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conversation continued to relate to the sudden death of the old woman, and the strange circumstances which attended it, surprise and curiosity had occupied her mind; but now that they had ceased to speak on the subject, the silence became painful and oppressive. Her heart beat heavily, and only by putting a strong restraint on herself could she keep down the heaving of her bosom. But still maidenly modesty folded the veil tighter and tighter around her, hiding and stifling the glow of her heart. She sat silent, and apparently unimpassioned and unagitated. Would that she dared to tear aside the false mask, and show Tom how pure, high, and bright her love burned, how that his hand had lit the flame, and how that the constant thought of his goodness and worth kept it in ever active life. But she dared not.


men little know the sufferings of woman in her purity. We may tell our love; but woman must

be silent. racked by doubt, uncertainty, and disappointment, she must keep silence, or lose half her value.

No matter how her heart be torn and

Poor Tom on his part was equally agitated. His heart sank as he thought that a few more touches would finish the portrait, and with it the happiest days of his weary life. He wished he could linger over those strokes for ever, as the only means by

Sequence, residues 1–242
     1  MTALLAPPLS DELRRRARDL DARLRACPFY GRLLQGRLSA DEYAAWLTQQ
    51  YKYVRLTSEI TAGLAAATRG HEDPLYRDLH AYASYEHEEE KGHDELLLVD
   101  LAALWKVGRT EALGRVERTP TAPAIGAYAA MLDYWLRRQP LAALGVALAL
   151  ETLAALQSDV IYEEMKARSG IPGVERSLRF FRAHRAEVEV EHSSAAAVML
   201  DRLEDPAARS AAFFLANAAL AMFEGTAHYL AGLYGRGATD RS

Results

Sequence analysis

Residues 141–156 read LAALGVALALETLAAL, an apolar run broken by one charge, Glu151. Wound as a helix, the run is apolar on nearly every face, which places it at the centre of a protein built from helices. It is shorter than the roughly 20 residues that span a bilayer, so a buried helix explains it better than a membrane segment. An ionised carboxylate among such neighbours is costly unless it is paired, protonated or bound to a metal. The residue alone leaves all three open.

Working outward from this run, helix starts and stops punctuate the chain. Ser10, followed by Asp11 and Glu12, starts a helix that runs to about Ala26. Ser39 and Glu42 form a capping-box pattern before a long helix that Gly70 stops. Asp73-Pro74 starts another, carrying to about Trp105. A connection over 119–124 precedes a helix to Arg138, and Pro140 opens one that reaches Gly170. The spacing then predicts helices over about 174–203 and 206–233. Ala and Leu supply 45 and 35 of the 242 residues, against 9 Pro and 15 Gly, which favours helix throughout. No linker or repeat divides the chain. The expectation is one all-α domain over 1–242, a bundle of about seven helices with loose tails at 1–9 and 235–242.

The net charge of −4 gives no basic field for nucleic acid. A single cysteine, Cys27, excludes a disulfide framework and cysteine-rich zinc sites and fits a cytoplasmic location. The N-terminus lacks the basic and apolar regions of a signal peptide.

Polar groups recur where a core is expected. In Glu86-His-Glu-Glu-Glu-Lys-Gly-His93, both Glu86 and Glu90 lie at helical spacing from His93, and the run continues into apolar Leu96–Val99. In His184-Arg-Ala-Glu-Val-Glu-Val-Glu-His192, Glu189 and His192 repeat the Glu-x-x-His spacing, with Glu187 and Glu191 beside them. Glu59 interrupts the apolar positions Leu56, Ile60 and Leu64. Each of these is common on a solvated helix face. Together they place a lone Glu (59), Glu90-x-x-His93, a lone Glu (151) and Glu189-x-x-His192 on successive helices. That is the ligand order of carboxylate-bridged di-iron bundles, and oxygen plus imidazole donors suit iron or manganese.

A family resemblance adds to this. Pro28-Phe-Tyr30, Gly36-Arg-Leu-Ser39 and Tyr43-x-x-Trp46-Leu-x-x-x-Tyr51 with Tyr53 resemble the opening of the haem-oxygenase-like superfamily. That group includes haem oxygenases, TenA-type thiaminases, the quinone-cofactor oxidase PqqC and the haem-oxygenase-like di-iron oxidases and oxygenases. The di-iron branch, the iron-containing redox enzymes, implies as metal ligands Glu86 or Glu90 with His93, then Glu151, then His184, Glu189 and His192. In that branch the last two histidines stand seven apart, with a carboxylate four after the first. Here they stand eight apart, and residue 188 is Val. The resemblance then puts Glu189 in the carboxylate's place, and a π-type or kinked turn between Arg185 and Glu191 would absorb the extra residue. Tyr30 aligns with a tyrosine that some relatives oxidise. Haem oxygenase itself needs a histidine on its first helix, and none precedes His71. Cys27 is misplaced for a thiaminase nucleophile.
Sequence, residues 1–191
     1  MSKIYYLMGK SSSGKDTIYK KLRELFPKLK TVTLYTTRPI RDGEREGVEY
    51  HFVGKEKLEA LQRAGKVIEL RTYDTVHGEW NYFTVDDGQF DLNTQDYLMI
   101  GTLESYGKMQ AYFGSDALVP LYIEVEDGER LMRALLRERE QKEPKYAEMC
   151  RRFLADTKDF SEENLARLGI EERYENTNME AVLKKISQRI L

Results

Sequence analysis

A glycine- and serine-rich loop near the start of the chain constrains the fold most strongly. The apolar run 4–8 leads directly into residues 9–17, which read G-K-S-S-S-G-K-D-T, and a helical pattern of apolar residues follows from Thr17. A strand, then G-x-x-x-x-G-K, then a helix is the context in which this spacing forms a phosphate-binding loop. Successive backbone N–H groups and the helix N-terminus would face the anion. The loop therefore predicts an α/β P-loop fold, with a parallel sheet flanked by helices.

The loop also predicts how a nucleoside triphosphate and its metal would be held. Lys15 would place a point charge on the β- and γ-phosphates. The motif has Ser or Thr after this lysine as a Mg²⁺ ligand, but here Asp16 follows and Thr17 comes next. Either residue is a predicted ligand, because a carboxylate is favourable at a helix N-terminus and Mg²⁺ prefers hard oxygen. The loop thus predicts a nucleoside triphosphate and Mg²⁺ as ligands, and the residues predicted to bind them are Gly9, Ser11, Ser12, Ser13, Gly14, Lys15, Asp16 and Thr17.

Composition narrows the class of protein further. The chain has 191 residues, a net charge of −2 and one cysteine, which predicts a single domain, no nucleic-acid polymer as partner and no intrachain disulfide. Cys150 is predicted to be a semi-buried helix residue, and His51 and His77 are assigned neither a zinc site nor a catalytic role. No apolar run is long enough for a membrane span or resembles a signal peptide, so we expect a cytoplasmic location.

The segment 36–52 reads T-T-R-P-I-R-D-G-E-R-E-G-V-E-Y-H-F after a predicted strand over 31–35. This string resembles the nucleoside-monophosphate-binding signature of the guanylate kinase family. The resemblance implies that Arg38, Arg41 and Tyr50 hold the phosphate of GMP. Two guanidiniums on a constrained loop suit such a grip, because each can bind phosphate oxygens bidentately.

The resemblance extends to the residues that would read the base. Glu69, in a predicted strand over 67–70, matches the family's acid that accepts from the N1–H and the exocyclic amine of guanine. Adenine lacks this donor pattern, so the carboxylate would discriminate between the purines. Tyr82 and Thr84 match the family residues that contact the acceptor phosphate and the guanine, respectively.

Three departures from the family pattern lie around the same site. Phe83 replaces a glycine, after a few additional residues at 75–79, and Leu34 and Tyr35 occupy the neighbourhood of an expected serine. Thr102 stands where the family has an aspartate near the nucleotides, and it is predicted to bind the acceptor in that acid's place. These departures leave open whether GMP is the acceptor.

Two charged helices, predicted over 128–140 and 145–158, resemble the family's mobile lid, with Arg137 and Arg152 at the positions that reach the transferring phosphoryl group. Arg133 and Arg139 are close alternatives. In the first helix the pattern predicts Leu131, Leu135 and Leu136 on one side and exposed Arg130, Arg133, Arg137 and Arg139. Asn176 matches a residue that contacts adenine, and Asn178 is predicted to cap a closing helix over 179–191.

which he could see and speak to Alice. The time when he would no longer be with her was an empty desert, which he must tread alone, he knew not whither, but he lingered hesitatingly on the brink, and looked fondly at the paradise he must leave. Oh, Tom! had he but known that the choicest, purest lily there bloomed but for him, and awaited but his hand to take it; had he but known that the soft breath of love would have bent it down, stately as it looked, and laid it fondly on his bosom; Tom's night would have vanished, and the days of the future have clapped their hands and rung like holiday bells. No, Tom saw, admired, and loved, but had never once dared to hope that so fair a creature could ever be his. He thought he was soon to leave the happiness he had been suffered to enjoy. The door was already opened, and he stood on the threshold. Once out, return would be impossible, the genius of pride and wealth kept the entrance, and turned away with contempt such humble suitors as himself.

Tom's hand trembled as he did his best to paint. He worked like one who is blind. All his skill had deserted him, and his brush moved with the feeble uncertainty of a beginner. Several times he laid it down, thinking he would plead illness and retire; but, like Alice, he, too, feared to speak.

"Good heavens !" he exclaimed, at length, " I

am undone."

Alice started from her seat.

Tom, with a look

of the deepest dejection, and large tears in his eyes, was staring stiff and rigidly at his work. The brush had fallen from his trembling fingers, and slid down the canvas, leaving a long mark through the forehead, nose, and mouth of the portrait; and he had, besides, made matters worse by smearing one of the eyes in a fruitless attempt to stop the brush in its fall.

"Never mind," said Alice, compassionately.